Now, however?

I don’t pursue things that don’t fulfill me in some way. Job where I learn cool and useful skills? Cool. Friend who pushes me to hike over mountains? Fantastic. Volunteering somewhere I feel useful? The goddamn best.

Twin who insists I make her look fat by….existing in a picture with her? Blocked.

Mom who insists I must be pregnant because I live with two men? Bye.

“Friend” who says I’ve “friendzoned” him? I think y’all get the idea.

I realize looking back that I didn’t value myself enough to make sure that the people I surrounded myself with valued me too. And frankly, now that I’ve faced the kind of emptiness that I did, I’ve decided that these bonus years are mine. Not my twin’s. Not my parents’. Absolutely not anyone who I’ve decided to grace with my friendship.

Looking forward to the next few years of healthy relationships, fulfilling life goals, and trying new things. Two years, three months, and counting on.

Six steps to make sure you NEVER have any Non-binary friends:

Are you the kind of person who wants to be able to easily sort your friends into guy or girl categories? Do you accept trans people, but only if they come in genders you approve? Are you that guy who stares openly at people in public in order to determine if they’re a guy or a girl?

Well, I’m here today to make sure your friend circle stays as un-diverse as possible. Because why get a confusing bunch of friends when you can follow these simple steps to make sure that non-binary people know you won’t be a supportive friend?

  1. Use terms like “men and women” or “both genders”; this makes it clear that you consider gender to only come in two flavors, which will stop any non-binary person from assuming you’d even know their gender exists. This is especially effective if you use these kinds of terms in circumstances where you really don’t need to. For instance, at a social event, instead of saying simply “welcome” or “welcome everyone” say “welcome ladies and gentlemen!”
  2. If you ever talk about transgender people and transitions, make sure to make a point of discussing it as a point A to point B phenomenon. Bonus points if you refer to other trans people as “used to be a girl/boy” or reference their surgeries as the point when they “became a girl/boy.” This shows non-binary people that you’re more focused on outward appearances and birth sex than how the other person identifies.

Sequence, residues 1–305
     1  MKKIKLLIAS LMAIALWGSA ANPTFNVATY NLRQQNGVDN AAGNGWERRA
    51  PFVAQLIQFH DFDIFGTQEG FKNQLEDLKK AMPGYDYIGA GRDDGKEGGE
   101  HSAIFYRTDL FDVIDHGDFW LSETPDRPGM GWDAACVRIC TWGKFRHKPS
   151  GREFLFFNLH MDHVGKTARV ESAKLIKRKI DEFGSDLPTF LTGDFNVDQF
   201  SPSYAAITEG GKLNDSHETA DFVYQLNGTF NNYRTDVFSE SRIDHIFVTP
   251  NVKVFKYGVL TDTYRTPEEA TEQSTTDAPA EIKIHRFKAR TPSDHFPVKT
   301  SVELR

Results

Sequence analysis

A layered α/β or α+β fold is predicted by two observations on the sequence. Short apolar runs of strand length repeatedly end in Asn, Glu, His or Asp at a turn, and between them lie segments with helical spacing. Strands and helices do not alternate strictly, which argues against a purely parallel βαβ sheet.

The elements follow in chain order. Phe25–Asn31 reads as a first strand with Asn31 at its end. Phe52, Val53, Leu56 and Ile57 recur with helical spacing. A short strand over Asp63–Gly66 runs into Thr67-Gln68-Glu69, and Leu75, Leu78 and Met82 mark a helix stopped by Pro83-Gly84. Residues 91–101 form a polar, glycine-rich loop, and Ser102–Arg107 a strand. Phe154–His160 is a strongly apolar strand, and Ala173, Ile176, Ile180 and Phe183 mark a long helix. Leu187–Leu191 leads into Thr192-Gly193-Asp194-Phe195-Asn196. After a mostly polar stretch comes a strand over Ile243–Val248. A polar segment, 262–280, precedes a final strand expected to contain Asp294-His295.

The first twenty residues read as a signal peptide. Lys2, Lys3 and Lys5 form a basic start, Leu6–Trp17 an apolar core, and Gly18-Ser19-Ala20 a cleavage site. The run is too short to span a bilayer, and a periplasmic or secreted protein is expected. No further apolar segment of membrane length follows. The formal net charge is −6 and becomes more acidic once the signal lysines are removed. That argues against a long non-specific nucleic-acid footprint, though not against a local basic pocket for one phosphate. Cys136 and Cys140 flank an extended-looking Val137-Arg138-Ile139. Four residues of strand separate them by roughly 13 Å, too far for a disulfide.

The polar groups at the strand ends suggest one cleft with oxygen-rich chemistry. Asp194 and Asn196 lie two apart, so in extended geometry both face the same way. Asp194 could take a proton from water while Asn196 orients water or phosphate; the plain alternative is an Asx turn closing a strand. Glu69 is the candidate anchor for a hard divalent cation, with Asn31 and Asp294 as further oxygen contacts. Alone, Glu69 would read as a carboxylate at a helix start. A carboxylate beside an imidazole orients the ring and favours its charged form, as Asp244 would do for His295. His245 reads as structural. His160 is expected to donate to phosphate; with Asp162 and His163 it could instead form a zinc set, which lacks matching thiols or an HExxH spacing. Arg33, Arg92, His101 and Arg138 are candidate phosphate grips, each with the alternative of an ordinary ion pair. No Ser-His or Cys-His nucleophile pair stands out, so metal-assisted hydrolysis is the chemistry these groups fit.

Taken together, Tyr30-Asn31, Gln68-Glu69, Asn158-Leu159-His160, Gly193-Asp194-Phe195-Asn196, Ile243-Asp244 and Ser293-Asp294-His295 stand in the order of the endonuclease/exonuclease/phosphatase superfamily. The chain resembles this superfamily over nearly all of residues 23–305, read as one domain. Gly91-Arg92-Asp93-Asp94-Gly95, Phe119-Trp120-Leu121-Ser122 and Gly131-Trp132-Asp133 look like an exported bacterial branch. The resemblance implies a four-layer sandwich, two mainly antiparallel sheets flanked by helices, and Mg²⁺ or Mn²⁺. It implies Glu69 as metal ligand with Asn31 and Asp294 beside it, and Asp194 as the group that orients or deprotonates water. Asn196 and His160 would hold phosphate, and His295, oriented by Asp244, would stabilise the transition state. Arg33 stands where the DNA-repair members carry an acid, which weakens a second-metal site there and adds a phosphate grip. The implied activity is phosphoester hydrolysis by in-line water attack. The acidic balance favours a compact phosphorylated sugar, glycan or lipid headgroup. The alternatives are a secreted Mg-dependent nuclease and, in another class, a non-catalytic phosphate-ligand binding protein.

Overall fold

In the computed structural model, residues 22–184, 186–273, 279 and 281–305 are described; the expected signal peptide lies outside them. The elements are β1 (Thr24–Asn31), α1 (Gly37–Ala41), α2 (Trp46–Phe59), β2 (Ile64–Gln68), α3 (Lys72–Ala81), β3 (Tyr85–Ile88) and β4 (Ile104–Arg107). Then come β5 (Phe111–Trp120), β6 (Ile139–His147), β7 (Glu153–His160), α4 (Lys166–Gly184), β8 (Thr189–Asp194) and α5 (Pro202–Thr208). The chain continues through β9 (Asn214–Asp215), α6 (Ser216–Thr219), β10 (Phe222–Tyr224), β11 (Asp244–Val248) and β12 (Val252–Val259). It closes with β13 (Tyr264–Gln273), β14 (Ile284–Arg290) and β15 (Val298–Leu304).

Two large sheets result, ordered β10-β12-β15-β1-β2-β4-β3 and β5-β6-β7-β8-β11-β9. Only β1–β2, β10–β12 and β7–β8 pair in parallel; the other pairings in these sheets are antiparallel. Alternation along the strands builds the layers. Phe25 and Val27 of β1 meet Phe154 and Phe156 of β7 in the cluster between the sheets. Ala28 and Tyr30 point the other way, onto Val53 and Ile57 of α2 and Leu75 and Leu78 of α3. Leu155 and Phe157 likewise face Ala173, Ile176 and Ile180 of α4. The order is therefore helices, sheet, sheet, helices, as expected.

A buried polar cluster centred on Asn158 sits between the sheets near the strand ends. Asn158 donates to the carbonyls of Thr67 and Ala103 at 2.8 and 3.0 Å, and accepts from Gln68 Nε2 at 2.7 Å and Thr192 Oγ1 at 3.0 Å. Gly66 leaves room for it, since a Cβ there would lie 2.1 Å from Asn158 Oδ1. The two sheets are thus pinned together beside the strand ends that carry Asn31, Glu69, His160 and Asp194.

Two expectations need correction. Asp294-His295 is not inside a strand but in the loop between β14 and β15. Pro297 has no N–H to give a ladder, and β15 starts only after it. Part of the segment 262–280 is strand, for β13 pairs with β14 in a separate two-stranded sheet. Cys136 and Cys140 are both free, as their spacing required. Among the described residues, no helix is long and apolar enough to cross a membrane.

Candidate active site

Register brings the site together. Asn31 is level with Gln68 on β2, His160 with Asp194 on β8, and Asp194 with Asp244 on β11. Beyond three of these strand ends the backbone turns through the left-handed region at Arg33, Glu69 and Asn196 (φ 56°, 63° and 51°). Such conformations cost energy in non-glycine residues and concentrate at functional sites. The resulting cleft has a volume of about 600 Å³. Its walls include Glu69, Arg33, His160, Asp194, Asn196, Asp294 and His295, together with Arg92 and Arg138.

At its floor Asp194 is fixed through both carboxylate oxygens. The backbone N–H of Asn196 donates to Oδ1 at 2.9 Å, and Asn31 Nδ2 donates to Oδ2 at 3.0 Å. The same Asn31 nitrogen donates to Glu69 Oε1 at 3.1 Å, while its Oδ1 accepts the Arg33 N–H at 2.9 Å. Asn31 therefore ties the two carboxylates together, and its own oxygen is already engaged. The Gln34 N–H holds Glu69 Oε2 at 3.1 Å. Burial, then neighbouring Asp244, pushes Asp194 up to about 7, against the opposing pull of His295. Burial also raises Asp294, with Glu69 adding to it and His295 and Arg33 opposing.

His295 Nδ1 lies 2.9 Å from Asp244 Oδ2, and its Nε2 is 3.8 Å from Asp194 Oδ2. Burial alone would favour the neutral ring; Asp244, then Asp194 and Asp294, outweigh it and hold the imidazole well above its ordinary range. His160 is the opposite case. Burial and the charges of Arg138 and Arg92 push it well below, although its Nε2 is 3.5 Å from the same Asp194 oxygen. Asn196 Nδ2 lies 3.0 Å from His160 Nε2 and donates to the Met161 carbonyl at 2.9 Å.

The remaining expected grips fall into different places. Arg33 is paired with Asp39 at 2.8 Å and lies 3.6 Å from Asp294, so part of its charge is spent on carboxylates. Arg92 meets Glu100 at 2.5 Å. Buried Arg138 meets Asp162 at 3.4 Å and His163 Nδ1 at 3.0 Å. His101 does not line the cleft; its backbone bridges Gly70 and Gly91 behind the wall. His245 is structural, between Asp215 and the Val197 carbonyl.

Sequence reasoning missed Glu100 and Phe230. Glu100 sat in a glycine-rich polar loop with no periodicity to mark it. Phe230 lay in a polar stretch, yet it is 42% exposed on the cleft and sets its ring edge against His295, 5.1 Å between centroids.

3. Refuse to use neutral pronouns. Sure, you’d use they/them in a singular instance if you didn’t know someone’s gender, but using them all the time for someone whose gender you do know is exhausting. Besides, what better way to remind your non-binary acquaintance that you’d be a terrible friend than calling them by whatever pronouns you think most match their appearance? Bonus points if you make their pronouns about you and how you can’t perceive them as a neutral gender.
  4. Ask them about their genital status; if your ignorance on the difference between sex and gender wasn’t apparent before, asking a near stranger if they’re intersex will shine the brightest of spotlights on it. Disclaimer: this action may cause the incidental loss of intersex friends. Proceed with caution.
  5. Definitely nitpick anything your non-binary acquaintance does that isn’t androgynous. Do they want to get pregnant? Well, that’s a lady thing, and they shouldn’t be engaging in it if they want to be seen as neutral. Did they grow a beard? Well, how do they expect people to know they’re NB if they do something like that? The more unsolicited your opinion is, the better.
  6. Finally, use the word “transtrender” liberally. Apply it to anyone you think isn’t performing gender correctly while identifying as trans. This doesn’t just have to be NB people, you can direct it at feminine trans men, masculine trans ladies, drag queens, and de-transitioners. Just make sure your social circle knows you use this term to denounce anyone who doesn’t meet your standards.

Well, those are the steps I know of that have sent me running for the hills. What about you guys? Any solid suggestions?